The amount of college-level talent on Wesleyan is fairly obvious, but Phillips might be the best of the group. He’s smart, strong, and knows how to set the tone quite effectively on both ends of the floor. Phillips gets downhill, attacks the basket, and can shoot the ball at a solid clip from midrange and beyond. He can defend either backcourt position, given his blend of motor, strength, and anticipation instincts. Phillips does a great job of being a leader and establishing the pace for this group.

6’4 ’20 Josh Wiggins (Wesleyan)

Despite some first-half struggles, Wiggins has stood out as the main glue-guy for Wesleyan throughout this contest. He’s long, extremely active, and fairly versatile on both ends of the floor. Wiggins can score in a variety of ways, both off the catch and dribble, and creates pretty well for others. He plays consistently hard, fights for extra possessions, and fills in the gaps however necessary. Wiggins certainly has a place at the next level and should continue to have a very productive season. 

6’0 ’23 Robert Dillingham (Combine Academy)

Though young and still physically maturing, it’s already easy to see Dillingham’s path towards stardom. He’s a smart, crafty, shot-maker with range vision and the ability to fill it up without trying to do too much. Dillingham creates well off the bounce for himself and others and is almost unfair as a spot-up threat, especially alongside Kris Robinson. The fact that he’s already so polish at such a young age bodes extremely well for the future.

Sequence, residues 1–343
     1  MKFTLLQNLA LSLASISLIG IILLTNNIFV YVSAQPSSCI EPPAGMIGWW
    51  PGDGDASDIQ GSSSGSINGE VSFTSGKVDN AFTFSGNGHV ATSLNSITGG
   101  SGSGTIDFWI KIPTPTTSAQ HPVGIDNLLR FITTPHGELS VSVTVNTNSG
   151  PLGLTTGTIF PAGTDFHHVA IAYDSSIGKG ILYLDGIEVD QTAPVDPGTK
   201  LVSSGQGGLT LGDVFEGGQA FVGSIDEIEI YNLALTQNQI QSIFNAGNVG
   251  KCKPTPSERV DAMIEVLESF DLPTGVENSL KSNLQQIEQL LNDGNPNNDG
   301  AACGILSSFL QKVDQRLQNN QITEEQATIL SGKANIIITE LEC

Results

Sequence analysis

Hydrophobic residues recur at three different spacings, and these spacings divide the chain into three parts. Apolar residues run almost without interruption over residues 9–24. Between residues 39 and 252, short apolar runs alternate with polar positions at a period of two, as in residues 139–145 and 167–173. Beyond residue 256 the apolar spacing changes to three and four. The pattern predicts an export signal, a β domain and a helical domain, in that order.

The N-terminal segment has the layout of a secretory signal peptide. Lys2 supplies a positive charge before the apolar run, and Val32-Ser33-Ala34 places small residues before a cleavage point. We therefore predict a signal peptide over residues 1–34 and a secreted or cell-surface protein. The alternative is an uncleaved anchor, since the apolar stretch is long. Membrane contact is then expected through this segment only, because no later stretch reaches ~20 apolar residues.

6’8 ’23 Mekhi Grant (Combine Academy)

In terms of long-term prospects within North Carolina, Grant’s name has to be mentioned with the best of them. He’s long, athletic, and fairly skilled for his size, but is also truly just beginning to scratch the surface of his long-term abilities. Grant already utilizes his length extremely well defensively, both when eliminating space and protecting the rim. He plays hard, finishes through contact or above the rim, and shoots the ball nicely from the perimeter. 

6’4 ’20 Kalib Matthews (Henderson Collegiate)

As impressive as their floor general was, Matthews was certainly the most reliable two-way force for Henderson Collegiate throughout this contest. The Queens commit continues to look more and more ready for the next level, especially as he continues to add strength. Matthews applies phenomenal pressure as a defender, penetrator, and three-point shooter, giving him an incredible archetype going forward. Matthews will only get better as the season carries onward.